86. Nothing Left to Lose – Mat Kearney
NOTHING LEFT TO LOSE (2006)
The best songwriter to come out of CCM in the past decade made his debut in 2004, but it would be his sophomore release, “Nothing Left to Lose,” that made him a household name. Well, if not a household name, there are at least several million household that have heard his music with it being featured on a regular basis on television programs like Grey’s Anatomy and NCIS.
The debut featured a more aggressive, electric and eclectic sound with more of a hip-hop influence than who he really is as an artist. That is why i have heard him mention that the album spotlighted here is his debut album. Nipping at the heels of Gold certification, the album possessed some brilliant songs and moving musical expressions. It is really a collection of beautiful poems expressed in wonderfully crafted pop songs.
Kearney employs a unique talking (NOT rapping) verse structure and singing choruses. Not to be compared to or confused with Lou Reed, the comparison works for the similar verse/chorus structure. Kearney possesses a strong sense of melody and an unbelievable emotional tug on some very slow and lengthy songs. The spoken word verse is closer to Dylan at times but a bit more “on key.”
Though produced and promoted by a Christian label, no artists has made as such an impact on the mainstream radio and television world in the past decade as Kearney. Thoughtful and creative, the album was released two separate times with the latter release (2007) containing a song penned expressly for Grey Anatomy (Breathe In, Breath Out) and was used extensively on the program and on the commercials promoting the show.
The album would contain one monster hit, the title track, and a few others that made some dents on itunes and on Billboard. That one hit, though, is incredibly familiar to nearly anyone that hears it. One more than one occasion I have mentioned Kearny to friends who said they were unfamiliar with his music. Just humming the hook of the chorus will elicit responses of, “I love that song…who does it again?”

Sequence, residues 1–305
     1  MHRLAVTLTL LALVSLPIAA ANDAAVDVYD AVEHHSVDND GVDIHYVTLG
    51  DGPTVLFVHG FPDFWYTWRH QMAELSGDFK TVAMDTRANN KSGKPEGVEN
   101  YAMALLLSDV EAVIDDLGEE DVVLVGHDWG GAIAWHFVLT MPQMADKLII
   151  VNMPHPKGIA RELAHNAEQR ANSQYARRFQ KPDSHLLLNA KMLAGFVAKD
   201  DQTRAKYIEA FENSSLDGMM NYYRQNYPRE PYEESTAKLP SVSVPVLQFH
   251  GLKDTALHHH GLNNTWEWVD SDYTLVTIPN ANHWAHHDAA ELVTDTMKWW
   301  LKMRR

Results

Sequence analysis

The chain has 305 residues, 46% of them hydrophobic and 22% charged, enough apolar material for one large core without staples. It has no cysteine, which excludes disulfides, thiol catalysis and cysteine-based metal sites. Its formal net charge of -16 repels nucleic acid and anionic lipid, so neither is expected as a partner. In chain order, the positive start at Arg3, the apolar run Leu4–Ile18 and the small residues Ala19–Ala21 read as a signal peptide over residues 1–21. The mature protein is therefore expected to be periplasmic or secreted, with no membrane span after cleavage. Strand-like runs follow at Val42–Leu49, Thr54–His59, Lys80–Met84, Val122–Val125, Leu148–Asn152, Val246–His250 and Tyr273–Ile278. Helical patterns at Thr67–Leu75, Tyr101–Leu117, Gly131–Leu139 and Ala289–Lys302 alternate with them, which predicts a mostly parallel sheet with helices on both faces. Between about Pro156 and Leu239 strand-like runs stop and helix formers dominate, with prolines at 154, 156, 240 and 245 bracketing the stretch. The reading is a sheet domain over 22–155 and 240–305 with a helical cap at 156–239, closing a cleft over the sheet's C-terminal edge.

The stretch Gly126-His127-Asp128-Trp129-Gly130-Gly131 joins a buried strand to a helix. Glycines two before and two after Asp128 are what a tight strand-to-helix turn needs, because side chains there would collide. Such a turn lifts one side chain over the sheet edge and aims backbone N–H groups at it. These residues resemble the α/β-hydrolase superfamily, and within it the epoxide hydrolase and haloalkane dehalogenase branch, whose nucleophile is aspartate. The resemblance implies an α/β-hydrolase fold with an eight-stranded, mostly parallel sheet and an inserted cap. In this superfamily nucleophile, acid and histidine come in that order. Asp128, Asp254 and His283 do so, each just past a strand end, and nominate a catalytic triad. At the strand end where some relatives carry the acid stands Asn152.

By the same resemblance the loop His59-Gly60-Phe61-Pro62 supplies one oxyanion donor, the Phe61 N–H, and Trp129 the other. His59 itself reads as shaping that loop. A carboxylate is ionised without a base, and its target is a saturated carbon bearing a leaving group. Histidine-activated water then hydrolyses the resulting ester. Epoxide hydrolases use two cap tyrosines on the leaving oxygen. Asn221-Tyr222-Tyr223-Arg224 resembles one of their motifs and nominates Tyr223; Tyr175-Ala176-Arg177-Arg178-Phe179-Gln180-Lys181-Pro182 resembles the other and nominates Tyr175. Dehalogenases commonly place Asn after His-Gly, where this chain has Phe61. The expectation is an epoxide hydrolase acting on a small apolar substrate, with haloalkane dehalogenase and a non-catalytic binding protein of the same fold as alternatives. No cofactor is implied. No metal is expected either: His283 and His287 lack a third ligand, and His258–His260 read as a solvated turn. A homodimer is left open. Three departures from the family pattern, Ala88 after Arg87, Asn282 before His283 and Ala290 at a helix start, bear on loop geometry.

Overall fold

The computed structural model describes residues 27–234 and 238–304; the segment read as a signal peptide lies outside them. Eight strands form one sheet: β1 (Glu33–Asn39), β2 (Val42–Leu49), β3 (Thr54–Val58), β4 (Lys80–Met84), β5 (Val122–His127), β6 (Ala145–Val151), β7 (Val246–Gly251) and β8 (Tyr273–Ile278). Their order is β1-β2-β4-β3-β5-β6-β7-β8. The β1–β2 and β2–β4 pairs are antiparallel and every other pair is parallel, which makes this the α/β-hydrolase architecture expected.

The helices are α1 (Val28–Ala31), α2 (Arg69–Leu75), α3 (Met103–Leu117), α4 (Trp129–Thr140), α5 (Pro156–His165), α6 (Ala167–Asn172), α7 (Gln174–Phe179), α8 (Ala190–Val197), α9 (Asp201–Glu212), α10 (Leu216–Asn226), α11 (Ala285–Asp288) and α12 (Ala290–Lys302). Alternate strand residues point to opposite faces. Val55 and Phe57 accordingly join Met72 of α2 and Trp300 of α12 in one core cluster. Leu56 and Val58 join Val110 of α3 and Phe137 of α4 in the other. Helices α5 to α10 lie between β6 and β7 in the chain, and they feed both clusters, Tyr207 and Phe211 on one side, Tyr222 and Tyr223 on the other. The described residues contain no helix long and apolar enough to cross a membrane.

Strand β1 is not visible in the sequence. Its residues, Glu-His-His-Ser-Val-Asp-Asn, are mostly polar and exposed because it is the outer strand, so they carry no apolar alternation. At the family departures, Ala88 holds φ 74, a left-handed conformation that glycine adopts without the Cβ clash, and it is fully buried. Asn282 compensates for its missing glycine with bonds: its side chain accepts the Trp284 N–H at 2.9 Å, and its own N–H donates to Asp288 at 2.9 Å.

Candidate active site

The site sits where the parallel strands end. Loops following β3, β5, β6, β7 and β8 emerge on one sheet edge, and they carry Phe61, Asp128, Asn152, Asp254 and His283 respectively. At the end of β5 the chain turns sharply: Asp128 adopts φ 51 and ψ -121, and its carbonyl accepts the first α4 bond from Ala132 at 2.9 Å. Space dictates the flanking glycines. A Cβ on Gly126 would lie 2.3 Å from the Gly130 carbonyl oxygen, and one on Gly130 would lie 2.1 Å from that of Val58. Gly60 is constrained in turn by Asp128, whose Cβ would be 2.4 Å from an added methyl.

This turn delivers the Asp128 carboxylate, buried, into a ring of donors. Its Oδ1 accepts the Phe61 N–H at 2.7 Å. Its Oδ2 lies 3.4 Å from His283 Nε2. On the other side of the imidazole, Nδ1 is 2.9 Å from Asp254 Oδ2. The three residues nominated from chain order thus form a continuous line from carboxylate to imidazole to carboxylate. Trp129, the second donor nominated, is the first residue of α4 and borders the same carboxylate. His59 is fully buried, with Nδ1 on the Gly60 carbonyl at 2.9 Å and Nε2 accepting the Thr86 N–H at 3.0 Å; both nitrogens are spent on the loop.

The album does contain several songs that were on his debut, but the vast majority possess a drastically different version of the song and, in some cases, sound like totally different songs.
“Undeniable” kicks off the album with a great and unforgettable groove and big hook chorus. This song best displays the interplay between the verse and chorus structure and actually causes the listener to actually not notice the use of the spoken word verses because of the strong melody. The song is a reflection on Kearney’s youth and the dark, grey days of life in school are juxtaposed against the undeniable brilliance of his truest love.
The aforementioned title track follows and is one of the very few songs on the album in which the choruses could be seen as “sung.” Like most of Kearney’s compositions this is very autobiographical. He tends to speak in the first person and relates every song to his own experience. Here he traces his move from Oregon to Nashville to begin his life in the music business and the abandon needed to follow ones dreams. All the while there is a longing for the safety and security of “home,” but also a realization someone and something greater is directing his steps.
Love is dangerous and uncomfortable. Losing it or not having it is even more precarious. So it is with “Crashing Down,” a “heavier” song that features some of the best hooks on the album. There are even moments when I swear it’s Jason martin on guitar with all the swirling and whirling going on.